There are many facets of buying a home and the process can be a bit overwhelming at times. However, buying a home is very exciting and if you avoid various home buying mistakes, it will make your home ownership process one that is rewarding for many years to come. I recommend that home buyers avoid these three common mistakes when it comes to purchasing a house.
#1: Not working with a buyer’s agent.
A knowledgeable Realtor can help provide advice that fits your specific situation. An experienced buyer’s agent has worked with hundreds of different home buyers and they can help you understand what’s happening each step of the way. You’ll also be able to ask questions that may come up and your agent will also help you plan for closing costs and other costs that may arise. In addition, a buyer’s agent will help you know if a home is worth the price, what its resale value might be, and they will be your advocate when it comes to negotiations. When it comes to buying a home, you want someone on your side, and a qualified Realtor will be there the whole time.
#2: Not getting pre-approved.
Getting pre-approved for a mortgage serves dual purposes: it shows sellers that you’re serious and it also gives you a realistic idea of how much you can afford for a home. Work with a lender that you trust and gather up all relevant financial documents like pay stubs, tax returns, and bank statements. Your lender will work with you to get the information needed to provide an accurate pre-approval letter. Then, you can start shopping for homes within your budget.
#3: Not getting an inspection by a credentialed inspector.
A credentialed inspector will help alert you to any potential problems that the home may have such as faulty wiring, plumbing leaks, or structural issues. A layperson generally wouldn’t be able to spot these things, so when it comes to spending hundreds of thousands of dollars on a home, it’s worth it to pitch in a little bit extra to pay for a qualified and experienced inspector that holds proper credentials. Skipping that step could be costly, and you may end up paying for it later when you discover something major is wrong with the home.
If you’ve decided that you’re ready to buy a home this autumn, contact me today to help you get the ball rolling!
When it comes to buying or selling a home, setting the right price from the get go is one of the most important steps. This requires a little bit of research as to what other homes are selling for in the area so you can judge what the value is of the home that you’re buying or selling. The market ultimately sets the value of a home. One of the best ways to compare your home to others in the area is to use a comparative market analysis (CMA).
What is a CMA?
A comparative market analysis is a report compiled by your Realtor® that provides a helpful evaluation of similar homes that have recently sold (called comparables) that are near a home that is intended to be sold or purchased. The report will give you information about homes that are similar to yours (in size, amenities, location, etc.) that are either currently for sale, have been recently sold, or those that were listed but expired or removed from the market. A good comparative market analysis will give you the following info:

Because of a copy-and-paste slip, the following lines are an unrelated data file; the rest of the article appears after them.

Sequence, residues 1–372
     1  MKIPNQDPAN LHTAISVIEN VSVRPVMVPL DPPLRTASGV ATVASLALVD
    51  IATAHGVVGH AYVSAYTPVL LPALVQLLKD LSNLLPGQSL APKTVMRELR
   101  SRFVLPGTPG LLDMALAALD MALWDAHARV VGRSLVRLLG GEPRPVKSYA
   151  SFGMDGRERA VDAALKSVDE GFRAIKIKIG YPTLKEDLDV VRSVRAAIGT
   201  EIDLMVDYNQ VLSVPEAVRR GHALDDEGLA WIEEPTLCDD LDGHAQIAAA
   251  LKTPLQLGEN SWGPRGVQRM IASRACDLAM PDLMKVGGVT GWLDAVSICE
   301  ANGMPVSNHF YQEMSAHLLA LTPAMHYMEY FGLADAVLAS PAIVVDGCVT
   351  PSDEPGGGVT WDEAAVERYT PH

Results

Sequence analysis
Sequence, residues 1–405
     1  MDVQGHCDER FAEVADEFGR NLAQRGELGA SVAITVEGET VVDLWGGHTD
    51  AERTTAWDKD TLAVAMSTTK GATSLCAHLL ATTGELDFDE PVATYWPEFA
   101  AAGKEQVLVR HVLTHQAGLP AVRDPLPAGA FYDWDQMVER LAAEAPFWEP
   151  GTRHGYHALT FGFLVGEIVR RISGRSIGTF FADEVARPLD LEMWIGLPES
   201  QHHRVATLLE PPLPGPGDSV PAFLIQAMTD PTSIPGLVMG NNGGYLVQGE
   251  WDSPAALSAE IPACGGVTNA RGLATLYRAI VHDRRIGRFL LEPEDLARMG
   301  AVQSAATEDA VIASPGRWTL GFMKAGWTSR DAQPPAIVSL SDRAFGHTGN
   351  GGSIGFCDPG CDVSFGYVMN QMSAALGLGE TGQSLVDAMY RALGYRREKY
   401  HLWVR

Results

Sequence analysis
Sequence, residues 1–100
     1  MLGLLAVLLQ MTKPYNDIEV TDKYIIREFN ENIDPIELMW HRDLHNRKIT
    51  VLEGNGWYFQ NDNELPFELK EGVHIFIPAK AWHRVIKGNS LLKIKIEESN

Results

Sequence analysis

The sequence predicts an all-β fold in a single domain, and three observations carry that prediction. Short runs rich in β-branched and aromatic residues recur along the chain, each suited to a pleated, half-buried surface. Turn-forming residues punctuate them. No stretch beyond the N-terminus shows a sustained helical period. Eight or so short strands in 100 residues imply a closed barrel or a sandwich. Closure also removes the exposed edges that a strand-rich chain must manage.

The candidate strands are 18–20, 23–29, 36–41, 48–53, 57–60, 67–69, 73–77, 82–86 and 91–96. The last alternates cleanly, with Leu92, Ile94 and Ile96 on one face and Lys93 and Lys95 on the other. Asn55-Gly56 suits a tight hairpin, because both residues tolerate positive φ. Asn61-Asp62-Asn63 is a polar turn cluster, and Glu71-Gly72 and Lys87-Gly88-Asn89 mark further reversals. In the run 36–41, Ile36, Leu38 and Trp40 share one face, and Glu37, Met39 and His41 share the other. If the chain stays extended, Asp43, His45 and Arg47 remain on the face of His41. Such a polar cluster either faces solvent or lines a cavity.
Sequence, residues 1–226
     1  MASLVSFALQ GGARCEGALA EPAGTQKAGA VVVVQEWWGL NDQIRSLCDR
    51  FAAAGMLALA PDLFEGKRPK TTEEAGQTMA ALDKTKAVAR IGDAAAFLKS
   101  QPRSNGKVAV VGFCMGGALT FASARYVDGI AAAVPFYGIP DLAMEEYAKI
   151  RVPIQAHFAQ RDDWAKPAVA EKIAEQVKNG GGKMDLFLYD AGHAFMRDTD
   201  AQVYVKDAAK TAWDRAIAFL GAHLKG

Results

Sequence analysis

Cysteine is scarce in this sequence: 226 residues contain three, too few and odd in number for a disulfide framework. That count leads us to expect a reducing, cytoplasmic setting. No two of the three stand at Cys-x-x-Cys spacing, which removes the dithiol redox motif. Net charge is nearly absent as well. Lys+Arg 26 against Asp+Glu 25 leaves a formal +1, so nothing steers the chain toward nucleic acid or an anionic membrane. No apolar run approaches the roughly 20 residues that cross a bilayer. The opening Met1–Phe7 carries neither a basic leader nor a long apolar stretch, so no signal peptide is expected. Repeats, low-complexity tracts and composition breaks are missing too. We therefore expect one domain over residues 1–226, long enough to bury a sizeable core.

-What homes like yours are currently selling for
-The amount of time it has taken them to sell
-What prices were in relation to initial list prices
Consider this scenario:
Here is an example of how a CMA can help a family that is looking to write an offer on a home that they want to purchase. The family wants to make an offer on a 4 bedroom, 3 bathroom home that is 2,000 square feet, located on a quiet street with a big yard, and listed at $300,000. The real estate agent that they are working with provides a comparative market analysis that looks at 3 other properties that have recently sold in the same area. The first is identical but it is located on a busy street and it sold for $274,000. The second property is similar, except offers more square footage, some small upgrades, and sold for $315,000. The other home is the same size but has one less bathroom and needs to be updated. It sold for $265,000. After analyzing these properties, the Realtor® determines that the listing price of $300,000 is fair and recommends that the family writes an offer that is close to asking price. The family purchases the home for $295,000. It’s important to note that an experienced Realtor ® knows what criteria to use in the CMA, taking into account what an appraiser will use for loan approval purposes (ie. comparables that have sold in the last 6 months).
Have more questions about how the CMA affects the value of your home or the home that you’re looking at buying? I’m glad to walk you through the process. Contact me today for details.
Blog Written by Brooke Strickland (brookestrickland.org)
Tips Provided by Nancy Johns